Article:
Maitri, mudita, karuna, and upeksanam

The Buddhist definition of true love, which to me sounds a lot like true friendship.

  1. Maitri: Loving kindness; the ability to make someone happy. That “someone” can be:
    1. Yourself
    2. Someone you’re very fond of
    3. Someone you have sympathy for (I forgot to mention that one)
    4. A neutral person
    5. An enemy; someone you perceive as the cause of your suffering
  2. Mudita: transformation of pain
  3. Karuna: joy
  4. Upeksanam: equanimity, freedom, the opposite of imprisonment or forcing yourself on another person.

What I find interesting is what’s not on the list: passion, obsession, lust, obedience, dominance, jealousy…lots of things I’ve known people from all over the world define as true love (especially jealousy) but to me never seemed right.

And if you don’t believe it, that’s OK, because there is no dogma in Buddhism. There’s nothing that Buddha taught that you must believe or else be damned for all eternity. If it’s true for you, then it’s true.

Rich Pav

Richard has been living in Japan since 1990 with his wife and two teenage sons, Tony and Andy.

10 thoughts to “Maitri, mudita, karuna, and upeksanam”

  1. You will be happy to learn that Thich Nhat Hanh *has* returned to Viet Nam. He was there in February of this year. We were also traveling in Viet Nam at that time and it seemed we were always one day early or one day late to see him.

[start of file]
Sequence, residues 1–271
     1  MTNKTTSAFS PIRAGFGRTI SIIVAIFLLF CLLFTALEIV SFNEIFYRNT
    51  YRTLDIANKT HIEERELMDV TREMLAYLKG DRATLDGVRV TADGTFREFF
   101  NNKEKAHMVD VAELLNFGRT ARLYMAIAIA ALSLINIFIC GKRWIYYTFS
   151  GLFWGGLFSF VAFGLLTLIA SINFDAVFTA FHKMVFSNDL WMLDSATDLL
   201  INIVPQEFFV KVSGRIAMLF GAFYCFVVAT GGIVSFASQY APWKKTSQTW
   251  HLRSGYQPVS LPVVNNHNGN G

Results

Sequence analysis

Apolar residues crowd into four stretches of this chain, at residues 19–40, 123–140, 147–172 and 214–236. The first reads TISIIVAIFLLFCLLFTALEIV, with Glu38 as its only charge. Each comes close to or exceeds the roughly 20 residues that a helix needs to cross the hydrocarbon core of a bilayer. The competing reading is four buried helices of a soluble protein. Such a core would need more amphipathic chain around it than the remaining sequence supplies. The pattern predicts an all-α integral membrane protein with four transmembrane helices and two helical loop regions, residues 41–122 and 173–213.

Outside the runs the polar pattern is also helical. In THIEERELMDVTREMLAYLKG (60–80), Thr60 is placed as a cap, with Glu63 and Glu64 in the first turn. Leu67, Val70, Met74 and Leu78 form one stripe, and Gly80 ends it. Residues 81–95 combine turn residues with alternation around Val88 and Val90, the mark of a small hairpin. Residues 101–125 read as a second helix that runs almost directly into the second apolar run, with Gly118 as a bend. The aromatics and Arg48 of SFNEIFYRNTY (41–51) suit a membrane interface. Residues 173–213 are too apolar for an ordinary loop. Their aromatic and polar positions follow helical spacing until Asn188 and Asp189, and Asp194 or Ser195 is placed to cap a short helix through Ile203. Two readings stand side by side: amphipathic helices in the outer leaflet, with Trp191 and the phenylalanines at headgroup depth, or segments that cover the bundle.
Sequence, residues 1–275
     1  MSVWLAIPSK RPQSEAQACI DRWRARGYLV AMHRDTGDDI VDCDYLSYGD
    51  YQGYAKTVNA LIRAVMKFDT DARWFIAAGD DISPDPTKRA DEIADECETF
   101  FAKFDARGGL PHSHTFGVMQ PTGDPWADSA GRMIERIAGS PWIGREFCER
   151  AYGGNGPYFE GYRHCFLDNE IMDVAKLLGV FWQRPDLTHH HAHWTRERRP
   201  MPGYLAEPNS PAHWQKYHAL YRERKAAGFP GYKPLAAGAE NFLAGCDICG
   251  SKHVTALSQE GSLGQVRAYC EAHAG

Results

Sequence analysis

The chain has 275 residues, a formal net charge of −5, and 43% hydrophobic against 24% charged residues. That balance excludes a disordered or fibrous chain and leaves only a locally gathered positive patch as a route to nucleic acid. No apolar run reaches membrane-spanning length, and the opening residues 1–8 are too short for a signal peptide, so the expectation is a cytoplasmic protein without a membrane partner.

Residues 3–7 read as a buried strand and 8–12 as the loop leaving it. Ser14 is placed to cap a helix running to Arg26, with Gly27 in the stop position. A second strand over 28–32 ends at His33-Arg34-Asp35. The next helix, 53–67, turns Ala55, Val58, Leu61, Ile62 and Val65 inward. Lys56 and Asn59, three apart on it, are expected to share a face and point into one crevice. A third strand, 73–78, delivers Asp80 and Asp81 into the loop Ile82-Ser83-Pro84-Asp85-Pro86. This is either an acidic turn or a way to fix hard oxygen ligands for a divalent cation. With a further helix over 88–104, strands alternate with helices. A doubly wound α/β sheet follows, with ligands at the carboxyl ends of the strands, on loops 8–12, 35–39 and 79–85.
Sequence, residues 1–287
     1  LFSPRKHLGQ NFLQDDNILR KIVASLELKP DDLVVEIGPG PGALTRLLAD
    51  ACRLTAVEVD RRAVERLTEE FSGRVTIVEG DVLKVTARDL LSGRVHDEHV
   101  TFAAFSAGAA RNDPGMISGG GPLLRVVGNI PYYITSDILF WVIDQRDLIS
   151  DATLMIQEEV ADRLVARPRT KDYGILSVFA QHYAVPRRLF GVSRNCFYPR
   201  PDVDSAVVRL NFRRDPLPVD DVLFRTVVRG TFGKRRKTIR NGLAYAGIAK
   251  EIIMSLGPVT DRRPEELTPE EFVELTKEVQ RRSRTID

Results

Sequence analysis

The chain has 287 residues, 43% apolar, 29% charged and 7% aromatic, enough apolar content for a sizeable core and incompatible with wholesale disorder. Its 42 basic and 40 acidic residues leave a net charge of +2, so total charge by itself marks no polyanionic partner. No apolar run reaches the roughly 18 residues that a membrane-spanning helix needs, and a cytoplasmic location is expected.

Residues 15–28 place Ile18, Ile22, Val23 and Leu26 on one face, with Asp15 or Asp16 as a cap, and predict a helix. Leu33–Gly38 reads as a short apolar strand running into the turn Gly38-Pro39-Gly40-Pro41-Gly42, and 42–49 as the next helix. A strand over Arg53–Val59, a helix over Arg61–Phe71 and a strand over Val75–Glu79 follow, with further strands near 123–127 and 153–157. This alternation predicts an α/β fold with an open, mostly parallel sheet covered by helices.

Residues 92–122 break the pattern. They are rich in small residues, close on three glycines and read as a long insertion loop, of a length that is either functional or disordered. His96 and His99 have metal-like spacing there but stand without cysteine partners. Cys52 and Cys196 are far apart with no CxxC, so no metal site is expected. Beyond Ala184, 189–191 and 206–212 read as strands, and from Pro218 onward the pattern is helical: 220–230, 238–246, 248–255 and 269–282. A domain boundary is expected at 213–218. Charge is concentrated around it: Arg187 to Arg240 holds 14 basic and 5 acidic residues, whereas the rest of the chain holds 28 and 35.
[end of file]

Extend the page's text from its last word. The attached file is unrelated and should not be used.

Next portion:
He has a retreat in San Diego, where I live, so I have been able to hear him speak live. It’s a very good experience, and recommended to anyone who gets the chance.

    Finally, Thich Nhat Hanh was nominated for the Nobel Peace Prize in 1967 by Martin Luther King, Jr.

  2. I read somewhere that the reason he was disqualified from winning the award was because Jesse Jackson publicly announced his nomination. Apparently you’re not supposed to do that.

  3. I’ve been meaning to stop in to one of the local Buddhist centers since this past summer. I’ll make it someday. In the meantime, I’m starting back in on my backlog of Zencasts – podcasts from the Insight Meditation Center in Redwood City, California. I’m trying to learn what I can just to calm down and get control of myself, and to try and teach some of that to my son. He’s got dad’s temper, and mom’s unwillingness to back down. Bad combination when the two of us start to squabble, and it’s not going to get any better as he moves into being a teenager.

    All the things that you mention that aren’t on that list come from clinging and controlling and holding on; definitely not a Buddhist way, and not a way I’d ever want to show someone how I love them. The only clinging I do when expressing love is when I don’t want to let go of a hug 🙂

  4. I listen to Zencast but the talks tend to be too long for my short attention span. There are some talks worth listening to at lamrim.com. One of my all time favorites is the one given by Thubten Chodron.

  5. That’s really different, hmmmm.
    I’m not Buddhist, but I think it is really wise and inspiring. I tend to take many morales and rules from it though and I appreciate it as well as live by it.

    Carl’s last blog post..Podcast

  6. Speaking of Buddhism, my interest in it is peaking especially after watching ‘Spring, Summer, Fall, Winter…and Spring’. Great movie! This last podcast was nonetheless very interesting.

  7. Yeah, the Zencast talks can be a bit long, but I usually skip the question session at the end of the teachings, because they don’t mic the crowd and you can’t hear the questions. The funny thing is that Gil, one of their teachers, sounds and looks like the priest that married the wife and I. I’ll give lamrim a look – err, listen. Thanks for the tip, Rich.